The roller coaster ride just won't stop in Chicago. After struggling to recover from shoulder soreness between starts, Kerry Wood landed back on the 15-day DL. That paved the way, though, for rookie Carlos Marmol to get his first big league start. After a couple solid performances out of the pen, the youngster who skipped Triple-A ball pitched 6.0 solid innings in earning his first win on Sunday against the Reds. He gave up just two hits and one run, while striking out seven. He should get at least one more start. If he's got the magic a second time, expect the Cubs to ride that wave until it fades away.


Pittsburgh Pirates (25-40)

Big money third baseman Joe Randa was activated after a six-week stint on the DL. Starting pitcher Ian Snell is starting to mop up his opponents. Snell is 5-0 in his last five starts and has dropped his ERA from 6.00 to 4.75. His last stellar performance came in San Francisco when he hurled 7.0 innings of three-hit, shutout ball.


West Division


Arizona Diamondbacks (35-29)

A $22 million write-off? Well, it's not really a write-off, but that's how much money the D'Backs decided to take as a loss when they dumped Russ Ortiz this week. It's been a rough week for Arizona to say the least. They've fallen apart in wake of the Jason Grimsley news, having been swept by Philadelphia in a three-game set last week, and then by the New York Mets in a four-game set this weekend. The final game was a 15-2 good old-fashioned beat down. Ortiz was on the front lines of that shellacking giving up seven runs in just 3.1 innings of work.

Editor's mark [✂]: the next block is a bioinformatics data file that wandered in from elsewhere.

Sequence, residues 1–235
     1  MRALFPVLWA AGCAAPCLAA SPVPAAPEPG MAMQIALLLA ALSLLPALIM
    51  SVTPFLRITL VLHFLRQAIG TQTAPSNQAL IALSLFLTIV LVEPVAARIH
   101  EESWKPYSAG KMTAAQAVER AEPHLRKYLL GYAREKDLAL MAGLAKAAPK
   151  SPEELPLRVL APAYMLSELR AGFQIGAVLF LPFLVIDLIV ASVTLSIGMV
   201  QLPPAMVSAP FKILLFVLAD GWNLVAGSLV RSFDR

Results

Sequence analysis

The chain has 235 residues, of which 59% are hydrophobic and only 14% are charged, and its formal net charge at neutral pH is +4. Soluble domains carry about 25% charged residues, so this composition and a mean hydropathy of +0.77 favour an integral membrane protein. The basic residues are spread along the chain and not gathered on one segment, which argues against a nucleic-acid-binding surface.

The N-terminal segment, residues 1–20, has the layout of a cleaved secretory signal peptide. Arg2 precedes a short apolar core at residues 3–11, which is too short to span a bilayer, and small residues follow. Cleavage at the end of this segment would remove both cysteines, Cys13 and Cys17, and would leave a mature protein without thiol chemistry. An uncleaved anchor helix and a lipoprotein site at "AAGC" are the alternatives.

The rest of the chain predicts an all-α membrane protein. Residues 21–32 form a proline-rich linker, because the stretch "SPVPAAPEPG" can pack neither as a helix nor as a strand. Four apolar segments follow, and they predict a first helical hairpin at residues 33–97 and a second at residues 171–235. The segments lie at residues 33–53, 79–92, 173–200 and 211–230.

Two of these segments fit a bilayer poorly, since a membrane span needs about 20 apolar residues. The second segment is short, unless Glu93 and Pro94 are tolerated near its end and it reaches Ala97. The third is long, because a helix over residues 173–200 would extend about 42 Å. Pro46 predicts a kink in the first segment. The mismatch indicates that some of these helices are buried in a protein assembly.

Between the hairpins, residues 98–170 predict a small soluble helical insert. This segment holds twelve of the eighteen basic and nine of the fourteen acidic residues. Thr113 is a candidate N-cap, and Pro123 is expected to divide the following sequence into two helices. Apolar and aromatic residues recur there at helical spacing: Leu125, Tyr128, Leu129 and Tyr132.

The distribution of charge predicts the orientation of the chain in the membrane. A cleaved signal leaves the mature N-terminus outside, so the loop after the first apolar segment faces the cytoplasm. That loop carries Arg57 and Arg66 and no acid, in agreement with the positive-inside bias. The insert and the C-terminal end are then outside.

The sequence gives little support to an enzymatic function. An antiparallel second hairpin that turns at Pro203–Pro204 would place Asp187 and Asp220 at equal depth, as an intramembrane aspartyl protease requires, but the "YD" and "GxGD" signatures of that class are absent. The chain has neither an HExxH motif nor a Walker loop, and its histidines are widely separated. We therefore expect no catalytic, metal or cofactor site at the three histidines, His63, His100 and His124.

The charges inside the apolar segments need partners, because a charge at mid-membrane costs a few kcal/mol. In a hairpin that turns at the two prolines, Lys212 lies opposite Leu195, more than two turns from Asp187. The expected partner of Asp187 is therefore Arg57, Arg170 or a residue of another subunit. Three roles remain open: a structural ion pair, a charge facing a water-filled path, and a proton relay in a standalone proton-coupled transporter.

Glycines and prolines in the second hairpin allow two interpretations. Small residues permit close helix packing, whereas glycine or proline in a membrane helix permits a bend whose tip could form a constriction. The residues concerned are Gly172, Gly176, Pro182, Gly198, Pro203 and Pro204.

Los Angeles Dodgers (35-29)

Eric Gagne landed back on the disabled list again with stiffness in his elbow, but the Dodgers were able to reactivate Jeff Kent. Rafael Furcal still continues to struggle, though. He's batting just .252 and his .334 on-base percentage is the bottom of the team's everyday players. If this leadoff man can figure out his woes, the Dodgers will be even a bigger storm building in the West.


San Diego Padres (33-31)

Khalil Greene hasn't hit a long ball since May 20th, but he still manages to lead the team with nine home runs. Dave Roberts has the top batting average amongst the everyday players, and he's posting a .294 mark, which isn't exactly competing for top honors in the league. Factor in that Jake Peavy is 4-7 with a 4.96 ERA and you wonder how in the world this team is still playing above the .500-mark. Seven wins against the Cubs at their worst time helped a lot.


San Francisco Giants (32-32)

First baseman Lance Niekro was placed on the disabled list for the second time this season, this time with a strained groin muscle. With a .255 average, four home runs, and 26 RBI, Niekro wasn't exactly lighting it up this season, but the loss comes at a time when the Giants are in the middle of a four-game skid. But, hey, how about the return or Armando Benitez? Sure, he's blown two of six save opportunities, but he's got a vulture-like 4-0 record and a 1.88 ERA. Now if the Giants can just get games into his hands, they'll be all right.


Colorado Rockies (32-32)

Infielder Luis Gonzalez was activated from the disabled list and then immediately optioned to the club's Triple-A affiliate. He's been struggling with inflammation in his wrists, so there's hope that he might mount a comeback, but with Jamey Carroll swinging a hot stick and batting .329 it's highly unlikely. Now if only the team can find some way for Clint Barmes to improve on his ghastly .209 batting average and pitiful .234 on-base percentage, the Rockies might just have a solid middle infield combination at the plate.


Got questions or comments? Sound off to

The Cardinal Nation Top Stories